1891 Census Names Index
White's 1845 and 1883 [GENUKI-NFK]
Gissing Archeology [Norfolk Heritage Explorer]
Gissing postmill [Jonathan Neville]
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Norfolk - Gissing

Kelly's Directory for Cambridgeshire, Norfolk & Suffolk, 1883, p.326.

[Complete entry. Transcription Copyright © E.C."Paddy" Apling]

GISSING is a village and parish through which the Great Eastern railway passes, 2 miles north from Burston and 2 south from Tivetshall stations and 5 north-east from Diss in the Southern division of the county, Depwade Union, Diss hundred and county court district, rural deanery of Redenhall, archdeaconry of Norfolk and diocese of Norwich. The church of St. Mary is an old flint building, inthe Perpendicular style, consisting of chancel, north and south chapels, nave, round tower and fine Norman doorway: the interior is lofty, with handsome carved oak roof: in the chancel and north chapel are five very handsome marble monuments in memory of the Kemp family, surmounted by armorial bearings, one of the date 1612 and one to Sir Robert Kemp, who was created baronet by Charles I,; there is also a monument to the Rev. Edward Howman, formerly rector of the parish, and also one to Ann, his wife: the interior was thoroughly restored in 1876-7, at a cost of about 1,500. The registers were destroyed by fire at the rectory some years ago, but some fragments have recently been discovered bearing date of the 16th century. The living is a rectory, tithe rent-charge 497, with 87 acres of glebe and residence, in the gift of Sir Kenneth Hagar Kemp bart. and held since 1874 by the Rev. John Sharpe M.A. late fellow of Christ's College, Cambridge. The rectory house was built in 1878. There is a Wesleyan chapel. Gissing Hall, the property of Sir Kenneth Hagar Kemp bat J.P. is amodern mansion, in the Elizabethan style, situated in a well-wooded park, and is occupied by Gen. Horace William Montagu RE., C.B. The principal landowner is Sir Kenneth Hagar Kemp bart. who is lord of the manors of Gissing, Kemp-with-Dallings and Gissing-cum-Dagworth; the Norwich Free Grammar School and Doughty's Hospital, Norwich, are likewise landowners. The soil is heavy; subsoil, clay and brick earth. The chief crops are wheat, barley , peas and beans. The area is 1,981 acres; rateable value, $3,246; and the population in 1881 was 454.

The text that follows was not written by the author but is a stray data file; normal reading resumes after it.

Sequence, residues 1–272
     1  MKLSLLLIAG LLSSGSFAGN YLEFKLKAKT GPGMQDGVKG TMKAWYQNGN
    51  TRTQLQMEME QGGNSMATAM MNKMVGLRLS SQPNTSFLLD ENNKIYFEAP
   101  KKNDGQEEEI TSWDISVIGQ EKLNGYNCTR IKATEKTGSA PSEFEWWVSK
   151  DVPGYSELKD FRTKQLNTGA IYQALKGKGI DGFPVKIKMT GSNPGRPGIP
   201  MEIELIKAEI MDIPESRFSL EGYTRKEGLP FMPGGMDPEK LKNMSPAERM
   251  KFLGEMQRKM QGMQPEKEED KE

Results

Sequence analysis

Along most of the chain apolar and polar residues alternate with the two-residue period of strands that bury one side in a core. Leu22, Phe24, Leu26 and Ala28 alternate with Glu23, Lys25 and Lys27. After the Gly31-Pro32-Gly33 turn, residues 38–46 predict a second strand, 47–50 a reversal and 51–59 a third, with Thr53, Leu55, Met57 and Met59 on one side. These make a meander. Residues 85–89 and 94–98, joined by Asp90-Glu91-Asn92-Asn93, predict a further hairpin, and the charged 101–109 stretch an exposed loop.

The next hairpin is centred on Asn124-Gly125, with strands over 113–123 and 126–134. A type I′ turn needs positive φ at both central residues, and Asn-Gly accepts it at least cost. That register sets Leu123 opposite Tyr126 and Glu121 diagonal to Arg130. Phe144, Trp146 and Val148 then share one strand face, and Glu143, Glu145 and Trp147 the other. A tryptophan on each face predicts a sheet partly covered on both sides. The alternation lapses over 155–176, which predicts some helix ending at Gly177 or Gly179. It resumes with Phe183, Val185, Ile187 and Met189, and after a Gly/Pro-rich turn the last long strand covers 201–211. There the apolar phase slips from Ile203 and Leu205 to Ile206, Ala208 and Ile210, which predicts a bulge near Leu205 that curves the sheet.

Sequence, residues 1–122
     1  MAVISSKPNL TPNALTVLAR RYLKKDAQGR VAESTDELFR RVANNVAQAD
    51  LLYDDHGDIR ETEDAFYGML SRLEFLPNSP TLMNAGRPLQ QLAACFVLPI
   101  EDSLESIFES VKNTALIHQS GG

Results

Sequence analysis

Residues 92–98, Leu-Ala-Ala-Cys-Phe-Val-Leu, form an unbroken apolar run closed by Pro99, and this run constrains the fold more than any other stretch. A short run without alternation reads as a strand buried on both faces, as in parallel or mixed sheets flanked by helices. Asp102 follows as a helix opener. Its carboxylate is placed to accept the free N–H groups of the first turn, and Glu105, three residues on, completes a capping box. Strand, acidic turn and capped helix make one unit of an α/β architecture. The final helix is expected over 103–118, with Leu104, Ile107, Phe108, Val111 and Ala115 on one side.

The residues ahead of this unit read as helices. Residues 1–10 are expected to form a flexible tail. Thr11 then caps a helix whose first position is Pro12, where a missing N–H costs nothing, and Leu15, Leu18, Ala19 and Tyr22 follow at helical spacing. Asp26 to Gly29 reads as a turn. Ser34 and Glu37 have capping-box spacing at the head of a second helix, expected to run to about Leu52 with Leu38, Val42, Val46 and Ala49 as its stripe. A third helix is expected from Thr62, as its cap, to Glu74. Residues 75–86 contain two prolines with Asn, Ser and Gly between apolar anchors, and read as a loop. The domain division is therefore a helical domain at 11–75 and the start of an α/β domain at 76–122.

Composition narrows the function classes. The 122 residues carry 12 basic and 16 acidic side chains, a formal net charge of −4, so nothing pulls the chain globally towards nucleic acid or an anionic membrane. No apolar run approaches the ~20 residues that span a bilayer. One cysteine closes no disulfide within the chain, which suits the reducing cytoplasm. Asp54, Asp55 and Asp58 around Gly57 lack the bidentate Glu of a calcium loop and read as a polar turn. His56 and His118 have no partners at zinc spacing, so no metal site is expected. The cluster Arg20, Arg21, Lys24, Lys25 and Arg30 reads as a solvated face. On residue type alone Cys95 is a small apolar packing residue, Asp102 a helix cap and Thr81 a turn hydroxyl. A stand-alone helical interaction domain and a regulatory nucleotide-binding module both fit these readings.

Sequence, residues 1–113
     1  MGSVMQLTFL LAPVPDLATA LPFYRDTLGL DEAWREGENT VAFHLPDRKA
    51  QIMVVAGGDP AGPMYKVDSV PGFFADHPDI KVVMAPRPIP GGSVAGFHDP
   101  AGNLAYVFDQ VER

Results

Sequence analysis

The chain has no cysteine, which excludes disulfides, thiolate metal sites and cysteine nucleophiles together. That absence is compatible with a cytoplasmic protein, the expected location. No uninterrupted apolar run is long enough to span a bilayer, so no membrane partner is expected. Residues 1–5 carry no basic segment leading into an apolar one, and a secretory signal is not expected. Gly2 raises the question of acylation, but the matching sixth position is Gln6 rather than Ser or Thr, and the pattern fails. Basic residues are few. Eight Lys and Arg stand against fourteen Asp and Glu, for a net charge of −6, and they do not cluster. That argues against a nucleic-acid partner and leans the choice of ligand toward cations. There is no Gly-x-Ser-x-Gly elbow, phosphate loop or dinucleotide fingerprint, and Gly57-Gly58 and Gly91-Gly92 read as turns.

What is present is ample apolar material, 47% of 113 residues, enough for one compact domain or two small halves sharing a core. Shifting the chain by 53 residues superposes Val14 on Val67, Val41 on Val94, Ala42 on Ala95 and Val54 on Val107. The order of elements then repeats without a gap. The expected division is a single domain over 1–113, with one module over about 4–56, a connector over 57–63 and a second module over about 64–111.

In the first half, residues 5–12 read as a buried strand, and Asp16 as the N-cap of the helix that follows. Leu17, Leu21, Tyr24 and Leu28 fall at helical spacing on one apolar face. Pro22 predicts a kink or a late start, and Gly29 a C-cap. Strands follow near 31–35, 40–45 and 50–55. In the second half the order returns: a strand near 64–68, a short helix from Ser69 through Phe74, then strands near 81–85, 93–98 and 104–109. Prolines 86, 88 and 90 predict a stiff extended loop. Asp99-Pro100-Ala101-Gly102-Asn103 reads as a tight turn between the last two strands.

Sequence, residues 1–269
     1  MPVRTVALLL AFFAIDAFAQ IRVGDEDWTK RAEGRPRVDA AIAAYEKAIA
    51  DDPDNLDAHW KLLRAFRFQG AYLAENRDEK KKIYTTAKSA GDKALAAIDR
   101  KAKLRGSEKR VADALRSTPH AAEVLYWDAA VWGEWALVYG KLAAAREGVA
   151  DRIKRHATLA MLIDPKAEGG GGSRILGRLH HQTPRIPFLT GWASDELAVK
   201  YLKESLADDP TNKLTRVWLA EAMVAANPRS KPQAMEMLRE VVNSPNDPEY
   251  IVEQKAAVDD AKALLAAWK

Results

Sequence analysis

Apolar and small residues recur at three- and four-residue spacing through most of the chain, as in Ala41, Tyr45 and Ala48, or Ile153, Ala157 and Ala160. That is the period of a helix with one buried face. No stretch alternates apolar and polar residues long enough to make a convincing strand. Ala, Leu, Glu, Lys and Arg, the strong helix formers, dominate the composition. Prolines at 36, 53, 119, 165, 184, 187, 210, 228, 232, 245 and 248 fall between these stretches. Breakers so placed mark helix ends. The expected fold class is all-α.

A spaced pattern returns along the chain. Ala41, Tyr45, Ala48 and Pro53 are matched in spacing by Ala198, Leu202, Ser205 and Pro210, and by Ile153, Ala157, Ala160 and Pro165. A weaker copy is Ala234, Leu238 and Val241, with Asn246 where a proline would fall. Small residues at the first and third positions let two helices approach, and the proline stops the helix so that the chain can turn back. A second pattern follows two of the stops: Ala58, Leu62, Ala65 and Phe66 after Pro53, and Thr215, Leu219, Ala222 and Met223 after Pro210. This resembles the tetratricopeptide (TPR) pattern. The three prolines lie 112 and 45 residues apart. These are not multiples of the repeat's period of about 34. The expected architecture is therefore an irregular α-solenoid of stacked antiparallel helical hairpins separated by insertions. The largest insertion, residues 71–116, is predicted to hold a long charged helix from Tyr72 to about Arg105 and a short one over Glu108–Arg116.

POST OFFICE.--Burwood Brooks, receiver. Letters arrive from Diss at 8.30 a.m.; dispatched at 5 p.m. The nearest money order office is at Diss; telegraph offices at Tivetshall [sic.] and Burston railway stations

A School Board of 5 members was formed in 1875; J. Furness Long Stratton, clerk to the board

Board School, built in 1876, at a cost of 700, to hold 88 children, average attendance, 69; Thos. Ltchfield, master; Mrs. Sarah Litchfield, mistress

© Transcribed by E.C. ("Paddy") Apling, July 2007; minor corrections January 2011; links updated November 2009.

1891 Census Names Index
White's 1845 and 1883 [GENUKI-NFK]
Gissing Archeology [Norfolk Heritage Explorer]
Gissing postmill [Jonathan Neville]
Parish Information [Geoff Lowe & Andrew Rivett]
More on Gissing [GENUKI-NFK]
Return to villages index
Paddy's home page